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Issue No.01 - January (2010 vol.17)
pp: 68
Published by the IEEE Computer Society
ABSTRACT
<p>This article features some of the latest advances in multimedia technology.</p>
Open-Source Programmable Camera
Scientists at Stanford have developed an open-source camera designed to let programmers change the hard-coded camera features. Stanford professor Marc Levoy is planning to develop and manufacture what he calls the Frankencamera. Many of the camera's features, such as focus, exposure, shutter speed, and flash, would be changeable based on software that programmers anywhere could develop.
Computer science graduate student Andrew Adams, who helped design a prototype of the Stanford camera, imagines a future where consumers download applications to their open-platform cameras the way Apple apps are downloaded to iPhones today.
For more information on the Frankencamera visit http://news.stanford.edu/news/2009/august31/levoy-opensource-camera-090109.html?view=print.
Digital Stories
A line of books aimed at young readers combines classic children's stories with digital viewing options. Moving Picture Books' digital stories can be purchased as DVDs or downloaded directly to iPods, mobile phones, computers, and other mobile devices.
Each of the 44 stories offered by Moving Picture Books, including eight new Sesame Street titles, can be viewed with English or Spanish voiceover, with or without the read-along English text displayed on the screen. The pacing of the storytelling is at a rate for children to follow along with the text. The available stories include classics, new stories written specifically for Moving Picture Books, bible stories, and holiday stories.
Moving Picture Books are available at Wal-Mart stores, online at http://www.MovingPictureBooks.com, and at online retailers including iTunes.
Processor Licensed to Novatek for Next-Generation SoC Designs
MIPS Technologies announced that Novatek Microelectronics has licensed the MIPS32 24KEc processor core to power advanced chip designs for multimedia devices for the digital home.
The MIPS32 24KE core family is designed around the 24K microarchitecture, incorporating the MIPS DSP application-specific extensions. Reportedly, these extensions improve signal processing performance up to 200 percent over a range of embedded applications when compared to RISC implementations.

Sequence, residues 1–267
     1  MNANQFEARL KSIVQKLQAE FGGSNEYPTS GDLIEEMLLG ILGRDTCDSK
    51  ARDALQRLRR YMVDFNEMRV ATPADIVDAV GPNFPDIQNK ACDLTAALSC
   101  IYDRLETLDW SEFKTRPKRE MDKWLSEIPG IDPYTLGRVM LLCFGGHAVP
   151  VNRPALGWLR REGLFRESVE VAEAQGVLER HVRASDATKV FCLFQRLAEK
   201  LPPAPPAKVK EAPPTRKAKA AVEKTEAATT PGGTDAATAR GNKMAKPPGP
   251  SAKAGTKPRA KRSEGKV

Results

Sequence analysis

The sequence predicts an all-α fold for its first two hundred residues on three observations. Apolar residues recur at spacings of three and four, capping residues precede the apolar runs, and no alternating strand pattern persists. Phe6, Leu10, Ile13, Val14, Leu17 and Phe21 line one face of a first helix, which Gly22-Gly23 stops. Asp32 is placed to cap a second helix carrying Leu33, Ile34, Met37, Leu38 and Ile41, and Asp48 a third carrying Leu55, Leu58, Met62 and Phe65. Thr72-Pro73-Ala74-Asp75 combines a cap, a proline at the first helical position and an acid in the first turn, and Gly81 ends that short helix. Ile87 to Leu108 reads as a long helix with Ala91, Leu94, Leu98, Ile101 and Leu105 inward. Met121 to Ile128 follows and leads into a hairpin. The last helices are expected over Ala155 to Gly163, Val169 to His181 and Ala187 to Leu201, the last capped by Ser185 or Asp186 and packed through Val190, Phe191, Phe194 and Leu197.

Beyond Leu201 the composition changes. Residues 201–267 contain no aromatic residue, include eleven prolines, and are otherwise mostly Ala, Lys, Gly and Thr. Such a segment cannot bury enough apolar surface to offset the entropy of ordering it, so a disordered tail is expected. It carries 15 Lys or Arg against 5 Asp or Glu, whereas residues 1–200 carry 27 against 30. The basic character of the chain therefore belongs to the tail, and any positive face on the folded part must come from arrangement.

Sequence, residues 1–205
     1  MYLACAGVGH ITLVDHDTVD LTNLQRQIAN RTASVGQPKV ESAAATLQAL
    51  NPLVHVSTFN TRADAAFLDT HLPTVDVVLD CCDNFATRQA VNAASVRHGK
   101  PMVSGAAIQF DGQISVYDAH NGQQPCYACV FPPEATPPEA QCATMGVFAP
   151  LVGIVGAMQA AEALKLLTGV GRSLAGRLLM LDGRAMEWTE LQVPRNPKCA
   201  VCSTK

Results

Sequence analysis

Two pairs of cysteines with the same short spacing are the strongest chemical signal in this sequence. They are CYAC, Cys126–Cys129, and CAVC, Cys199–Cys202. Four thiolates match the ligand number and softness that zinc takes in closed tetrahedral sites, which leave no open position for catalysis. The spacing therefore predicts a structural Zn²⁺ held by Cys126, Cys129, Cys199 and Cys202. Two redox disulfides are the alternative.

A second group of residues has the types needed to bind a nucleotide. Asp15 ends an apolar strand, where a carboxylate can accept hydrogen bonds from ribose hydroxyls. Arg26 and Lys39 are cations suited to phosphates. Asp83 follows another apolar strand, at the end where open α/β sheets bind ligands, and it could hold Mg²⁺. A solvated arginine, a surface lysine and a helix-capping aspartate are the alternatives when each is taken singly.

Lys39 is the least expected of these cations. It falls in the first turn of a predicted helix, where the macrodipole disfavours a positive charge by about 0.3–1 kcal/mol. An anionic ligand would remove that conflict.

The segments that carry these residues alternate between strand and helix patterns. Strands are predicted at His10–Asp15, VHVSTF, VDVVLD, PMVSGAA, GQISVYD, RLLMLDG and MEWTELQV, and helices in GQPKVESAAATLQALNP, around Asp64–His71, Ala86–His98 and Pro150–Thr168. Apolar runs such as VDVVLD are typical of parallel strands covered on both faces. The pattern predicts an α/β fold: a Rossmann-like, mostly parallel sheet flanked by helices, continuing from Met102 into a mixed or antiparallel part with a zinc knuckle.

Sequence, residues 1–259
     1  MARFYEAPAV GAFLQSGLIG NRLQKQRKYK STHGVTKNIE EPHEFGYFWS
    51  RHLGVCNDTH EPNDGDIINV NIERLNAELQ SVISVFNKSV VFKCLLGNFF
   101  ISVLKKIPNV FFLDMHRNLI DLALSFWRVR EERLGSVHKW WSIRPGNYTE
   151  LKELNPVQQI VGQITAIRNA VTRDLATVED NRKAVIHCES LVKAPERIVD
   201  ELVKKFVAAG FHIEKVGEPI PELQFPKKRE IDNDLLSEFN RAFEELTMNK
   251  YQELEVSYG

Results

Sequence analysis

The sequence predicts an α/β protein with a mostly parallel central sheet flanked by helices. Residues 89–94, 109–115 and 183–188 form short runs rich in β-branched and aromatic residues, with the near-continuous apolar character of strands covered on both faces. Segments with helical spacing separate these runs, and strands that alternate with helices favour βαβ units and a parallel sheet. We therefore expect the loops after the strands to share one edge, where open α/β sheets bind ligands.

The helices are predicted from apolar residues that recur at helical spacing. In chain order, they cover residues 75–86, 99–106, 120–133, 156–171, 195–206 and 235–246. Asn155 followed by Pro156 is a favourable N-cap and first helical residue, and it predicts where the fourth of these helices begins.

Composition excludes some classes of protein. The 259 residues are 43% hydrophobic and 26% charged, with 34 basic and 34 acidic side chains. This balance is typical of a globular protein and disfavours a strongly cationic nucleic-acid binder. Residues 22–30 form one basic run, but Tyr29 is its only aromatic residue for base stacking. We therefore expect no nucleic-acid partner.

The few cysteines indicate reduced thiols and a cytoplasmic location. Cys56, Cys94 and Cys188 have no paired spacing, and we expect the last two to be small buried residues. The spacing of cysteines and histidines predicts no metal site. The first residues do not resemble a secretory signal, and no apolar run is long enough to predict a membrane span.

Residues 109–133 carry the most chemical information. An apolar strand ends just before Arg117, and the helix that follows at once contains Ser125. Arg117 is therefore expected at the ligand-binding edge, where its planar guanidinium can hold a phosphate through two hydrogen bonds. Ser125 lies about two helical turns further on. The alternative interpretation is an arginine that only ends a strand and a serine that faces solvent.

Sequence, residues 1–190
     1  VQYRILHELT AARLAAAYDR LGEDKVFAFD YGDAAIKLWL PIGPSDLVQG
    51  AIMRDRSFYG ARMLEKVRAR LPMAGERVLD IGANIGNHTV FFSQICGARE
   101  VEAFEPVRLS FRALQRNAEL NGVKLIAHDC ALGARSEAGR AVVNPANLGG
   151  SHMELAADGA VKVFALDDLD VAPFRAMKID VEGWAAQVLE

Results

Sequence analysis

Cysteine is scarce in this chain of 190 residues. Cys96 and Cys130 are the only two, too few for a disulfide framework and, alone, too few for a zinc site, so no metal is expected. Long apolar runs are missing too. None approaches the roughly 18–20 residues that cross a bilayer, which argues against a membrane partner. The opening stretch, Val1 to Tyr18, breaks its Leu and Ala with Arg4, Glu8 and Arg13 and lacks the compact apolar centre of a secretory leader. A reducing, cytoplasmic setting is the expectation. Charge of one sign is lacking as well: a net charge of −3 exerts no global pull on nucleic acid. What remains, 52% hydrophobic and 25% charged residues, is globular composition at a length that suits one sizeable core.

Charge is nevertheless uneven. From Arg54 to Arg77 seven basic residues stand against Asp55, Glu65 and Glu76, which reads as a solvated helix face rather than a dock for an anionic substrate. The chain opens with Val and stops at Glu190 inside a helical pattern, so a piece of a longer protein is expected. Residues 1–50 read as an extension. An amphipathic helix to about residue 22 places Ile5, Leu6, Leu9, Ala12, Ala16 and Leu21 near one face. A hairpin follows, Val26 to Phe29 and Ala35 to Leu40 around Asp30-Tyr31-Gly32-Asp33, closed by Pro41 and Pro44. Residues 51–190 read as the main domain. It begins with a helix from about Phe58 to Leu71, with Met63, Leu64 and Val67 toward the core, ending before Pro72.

In addition, the 24KE family, designed to reduce overall SoC die area, cost, and power consumption, is supported by a suite of software-development tools, the MIPS DSP Library, and a third-party DSP applications network. The software tools are designed to give SoC developers the ability to work in a single environment while integrating DSP functionality onto a 24KE core.
For more information visit http://www.mips.com.
Image-Processing Technology Reduces Power Use
Himax Technologies has introduced Infinity Color Technology (iCT), the company's proprietary image-processing technology designed to enable power savings for TFT-LCD TVs and monitors while enhancing image quality.
Power savings is an important concept in the flat-panel industry. For example, the California Energy Commission recently approved an energy efficiency standard for televisions that will require new TVs sold in California to consume at least 33 percent less electricity. However, current power-saving technologies have a trade-off among power savings and image quality.
TFT-LCD backlights typically maintain a constant brightness, regardless of the displayed images. A pure digital approach saves panel power but leads to loss in gray scales while adjusting gamma curve and thus has produces an undesirable image quality. Himax's iCT, compared to conventional pure digital image processing in timing controller and video processor, is a mixed-mode image-processing technology designed to enhance image quality while saving up to 50 percent of panel power for certain image content.
For more information visit http://www.himax.com.tw/en/.
Radio-Frequency Chipset for Wireless Video
Maxim Integrated Products announced a new line of high-performance RF chipsets for wireless video applications. Maxim is partnering with Amimon to offer a joint reference design based on the Maxim MAX2850/MAX2851 WHDI RF chipset that interfaces directly with the Amimon AMN 2120/2220 Wireless HD Interface (WHDI) baseband chipset.
The Maxim-Amimon WHDI chipset enables wireless streaming of uncompressed 1080p/60Hz HD content. This chipset can be embedded into electronics devices such as LCD and plasma HDTVs, multimedia projectors, notebooks, audiovideo receivers, Blu-ray Disc players, set-top boxes, game consoles, DVRs, PCs, and HD video accessories.
Maxim's MAX2850/MAX2851 chipset is designed to deliver range and throughput performance required for multiroom wireless connectivity at ultra-low-power levels.
For more information visit http://www.maxim-ic.com.
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